Potkonjak, M., Goudar, V..  2014.  Public Physical Unclonable Functions. Proceedings of the IEEE. 102:1142-1156.

A physical unclonable function (PUF) is an integrated circuit (IC) that serves as a hardware security primitive due to its complexity and the unpredictability between its outputs and the applied inputs. PUFs have received a great deal of research interest and significant commercial activity. Public PUFs (PPUFs) address the crucial PUF limitation of being a secret-key technology. To some extent, the first generation of PPUFs are similar to SIMulation Possible, but Laborious (SIMPL) systems and one-time hardware pads, and employ the time gap between direct execution and simulation. The second PPUF generation employs both process variation and device aging which results in matched devices that are excessively difficult to replicate. The third generation leaves the analog domain and employs reconfigurability and device aging to produce digital PPUFs. We survey representative PPUF architectures, related public protocols and trusted information flows, and related testing issues. We conclude by identifying the most important, challenging, and open PPUF-related problems.

Goldwasser, Shafi, Park, Sunoo.  2017.  Public Accountability vs. Secret Laws: Can They Coexist?: A Cryptographic Proposal Proceedings of the 2017 on Workshop on Privacy in the Electronic Society. :99–110.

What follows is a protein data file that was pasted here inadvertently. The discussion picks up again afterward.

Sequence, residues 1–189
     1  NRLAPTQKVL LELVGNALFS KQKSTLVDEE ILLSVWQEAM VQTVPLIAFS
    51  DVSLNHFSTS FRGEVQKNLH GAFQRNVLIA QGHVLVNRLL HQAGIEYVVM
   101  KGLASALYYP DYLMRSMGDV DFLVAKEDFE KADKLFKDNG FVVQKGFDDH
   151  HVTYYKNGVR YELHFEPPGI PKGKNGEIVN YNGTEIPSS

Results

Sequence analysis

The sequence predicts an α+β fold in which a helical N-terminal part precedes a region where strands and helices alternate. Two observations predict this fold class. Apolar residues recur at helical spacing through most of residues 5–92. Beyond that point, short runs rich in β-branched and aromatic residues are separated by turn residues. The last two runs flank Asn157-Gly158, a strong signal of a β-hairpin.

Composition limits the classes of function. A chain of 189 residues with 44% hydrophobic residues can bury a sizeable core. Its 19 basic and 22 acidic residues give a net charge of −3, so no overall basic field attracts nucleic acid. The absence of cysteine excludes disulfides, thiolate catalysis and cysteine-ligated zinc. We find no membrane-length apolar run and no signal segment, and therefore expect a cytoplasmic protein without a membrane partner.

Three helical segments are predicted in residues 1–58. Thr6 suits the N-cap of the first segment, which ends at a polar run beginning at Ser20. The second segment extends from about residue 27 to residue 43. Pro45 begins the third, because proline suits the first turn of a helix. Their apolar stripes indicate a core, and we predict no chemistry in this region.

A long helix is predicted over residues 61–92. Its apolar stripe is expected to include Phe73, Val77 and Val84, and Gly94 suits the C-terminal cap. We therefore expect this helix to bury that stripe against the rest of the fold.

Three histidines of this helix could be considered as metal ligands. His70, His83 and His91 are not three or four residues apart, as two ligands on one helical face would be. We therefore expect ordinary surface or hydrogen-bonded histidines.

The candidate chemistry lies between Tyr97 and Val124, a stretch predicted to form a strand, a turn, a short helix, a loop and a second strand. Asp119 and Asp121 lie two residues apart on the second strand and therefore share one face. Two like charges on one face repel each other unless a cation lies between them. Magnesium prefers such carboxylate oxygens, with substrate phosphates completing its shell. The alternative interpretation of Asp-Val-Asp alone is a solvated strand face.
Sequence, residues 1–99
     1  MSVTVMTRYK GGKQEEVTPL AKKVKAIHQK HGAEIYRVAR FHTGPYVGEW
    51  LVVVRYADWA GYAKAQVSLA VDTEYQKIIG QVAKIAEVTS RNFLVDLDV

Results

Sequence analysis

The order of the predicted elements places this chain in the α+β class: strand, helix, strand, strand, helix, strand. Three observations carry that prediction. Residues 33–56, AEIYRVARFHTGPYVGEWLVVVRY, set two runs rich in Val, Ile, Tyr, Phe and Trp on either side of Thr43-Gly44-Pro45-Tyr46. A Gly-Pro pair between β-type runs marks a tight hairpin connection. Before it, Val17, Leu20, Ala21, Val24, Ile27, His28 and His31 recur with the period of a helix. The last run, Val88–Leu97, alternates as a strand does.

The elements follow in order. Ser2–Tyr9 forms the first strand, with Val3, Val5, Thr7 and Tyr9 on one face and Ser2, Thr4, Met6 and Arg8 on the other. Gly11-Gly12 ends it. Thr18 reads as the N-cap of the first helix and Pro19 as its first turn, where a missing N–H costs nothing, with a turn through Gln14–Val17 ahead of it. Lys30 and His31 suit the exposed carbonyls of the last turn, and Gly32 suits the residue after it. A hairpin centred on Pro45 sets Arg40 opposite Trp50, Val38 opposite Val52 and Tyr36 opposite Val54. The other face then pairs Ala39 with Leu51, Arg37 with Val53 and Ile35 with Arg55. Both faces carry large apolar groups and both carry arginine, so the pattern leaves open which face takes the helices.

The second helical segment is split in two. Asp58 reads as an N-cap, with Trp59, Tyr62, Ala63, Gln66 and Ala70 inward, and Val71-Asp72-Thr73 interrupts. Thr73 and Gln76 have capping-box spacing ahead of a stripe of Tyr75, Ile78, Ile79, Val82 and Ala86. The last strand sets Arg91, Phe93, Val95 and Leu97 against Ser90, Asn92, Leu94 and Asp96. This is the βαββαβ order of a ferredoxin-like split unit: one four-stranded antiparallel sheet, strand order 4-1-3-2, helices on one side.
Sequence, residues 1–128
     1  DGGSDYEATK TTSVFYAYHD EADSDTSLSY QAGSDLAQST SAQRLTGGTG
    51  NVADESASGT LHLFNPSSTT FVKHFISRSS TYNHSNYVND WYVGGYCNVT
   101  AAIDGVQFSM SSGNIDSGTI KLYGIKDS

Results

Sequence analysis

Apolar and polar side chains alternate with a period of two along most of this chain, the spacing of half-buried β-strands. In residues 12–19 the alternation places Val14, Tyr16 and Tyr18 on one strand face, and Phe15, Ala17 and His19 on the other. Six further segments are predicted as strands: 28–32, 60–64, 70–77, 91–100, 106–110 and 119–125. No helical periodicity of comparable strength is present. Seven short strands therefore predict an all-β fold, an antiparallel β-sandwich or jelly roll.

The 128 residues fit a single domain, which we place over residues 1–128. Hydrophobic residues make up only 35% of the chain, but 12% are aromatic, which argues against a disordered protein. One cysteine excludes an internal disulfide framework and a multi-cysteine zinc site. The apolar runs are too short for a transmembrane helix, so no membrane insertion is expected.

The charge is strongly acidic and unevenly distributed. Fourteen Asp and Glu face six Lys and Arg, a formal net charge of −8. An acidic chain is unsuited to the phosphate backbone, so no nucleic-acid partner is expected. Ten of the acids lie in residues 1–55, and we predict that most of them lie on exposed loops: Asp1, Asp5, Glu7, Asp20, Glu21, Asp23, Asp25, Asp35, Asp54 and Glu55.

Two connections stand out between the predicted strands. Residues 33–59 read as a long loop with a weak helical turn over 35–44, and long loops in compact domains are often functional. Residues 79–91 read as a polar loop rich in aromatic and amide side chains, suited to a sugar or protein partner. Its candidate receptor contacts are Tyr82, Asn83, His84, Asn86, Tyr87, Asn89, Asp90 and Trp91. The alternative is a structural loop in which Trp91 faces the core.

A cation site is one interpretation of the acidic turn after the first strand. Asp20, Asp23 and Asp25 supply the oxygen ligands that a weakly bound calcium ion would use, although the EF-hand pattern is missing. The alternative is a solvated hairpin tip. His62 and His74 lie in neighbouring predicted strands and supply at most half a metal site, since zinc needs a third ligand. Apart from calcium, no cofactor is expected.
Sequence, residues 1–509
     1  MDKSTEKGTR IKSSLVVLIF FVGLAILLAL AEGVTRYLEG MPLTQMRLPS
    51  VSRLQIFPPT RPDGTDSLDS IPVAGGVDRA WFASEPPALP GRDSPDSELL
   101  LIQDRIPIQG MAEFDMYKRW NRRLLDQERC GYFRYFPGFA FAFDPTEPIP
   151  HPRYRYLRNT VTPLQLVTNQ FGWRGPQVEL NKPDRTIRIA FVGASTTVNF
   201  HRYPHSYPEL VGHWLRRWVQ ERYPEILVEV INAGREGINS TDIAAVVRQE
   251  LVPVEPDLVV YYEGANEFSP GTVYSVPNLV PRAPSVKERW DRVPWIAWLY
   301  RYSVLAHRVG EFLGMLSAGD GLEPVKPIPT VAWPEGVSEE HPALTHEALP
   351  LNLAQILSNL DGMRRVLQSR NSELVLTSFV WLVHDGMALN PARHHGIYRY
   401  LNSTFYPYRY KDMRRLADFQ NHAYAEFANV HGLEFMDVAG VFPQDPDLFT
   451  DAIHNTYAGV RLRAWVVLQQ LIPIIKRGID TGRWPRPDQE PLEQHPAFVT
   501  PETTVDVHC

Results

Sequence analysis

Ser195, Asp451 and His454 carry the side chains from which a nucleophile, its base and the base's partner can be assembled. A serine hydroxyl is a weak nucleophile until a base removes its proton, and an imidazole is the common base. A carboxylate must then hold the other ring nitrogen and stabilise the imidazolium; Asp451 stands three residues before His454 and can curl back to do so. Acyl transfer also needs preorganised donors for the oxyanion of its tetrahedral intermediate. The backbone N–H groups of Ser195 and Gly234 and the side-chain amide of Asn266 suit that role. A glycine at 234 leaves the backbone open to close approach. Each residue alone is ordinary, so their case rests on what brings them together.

"Our Laws are not generally known; they are kept secret by the small group of nobles who rule us. We are convinced that these ancient laws are scrupulously administered; nevertheless it is an extremely painful thing to be ruled by laws that one does not know."–Franz Kafka, Parables and Paradoxes. Post 9/11, journalists, scholars and activists have pointed out that it secret laws - a body of law whose details and sometime mere existence is classified as top secret - were on the rise in all three branches of the US government due to growing national security concerns. Amid heated current debates on governmental wishes for exceptional access to encrypted digital data, one of the key issues is: which mechanisms can be put in place to ensure that government agencies follow agreed-upon rules in a manner which does not compromise national security objectives? This promises to be especially challenging when the rules, according to which access to encrypted data is granted, may themselves be secret. In this work we show how the use of cryptographic protocols, and in particular, the idea of zero knowledge proofs can ensure accountability and transperancy of the government in this extraordinary, seemingly deadlocked, setting. We propose an efficient record-keeping infrastructure with versatile publicly verifiable audits that preserve (information-theoretic) privacy of record contents as well as of the rules by which the records are attested to abide. Our protocol is based on existing blockchain and cryptographic tools including commitments and zero-knowledge SNARKs, and satisfies the properties of indelibility (i.e., no back-dating), perfect data privacy, public auditability of secret data with secret laws, accountable deletion, and succinctness. We also propose a variant scheme where entities can be required to pay fees based on record contents (e.g., for violating regulations) while still preserving privacy. Our scheme can be directly instantiated on the Ethereum blockchain (and a simplified version with weaker guarantees can be instantiated with Bitcoin).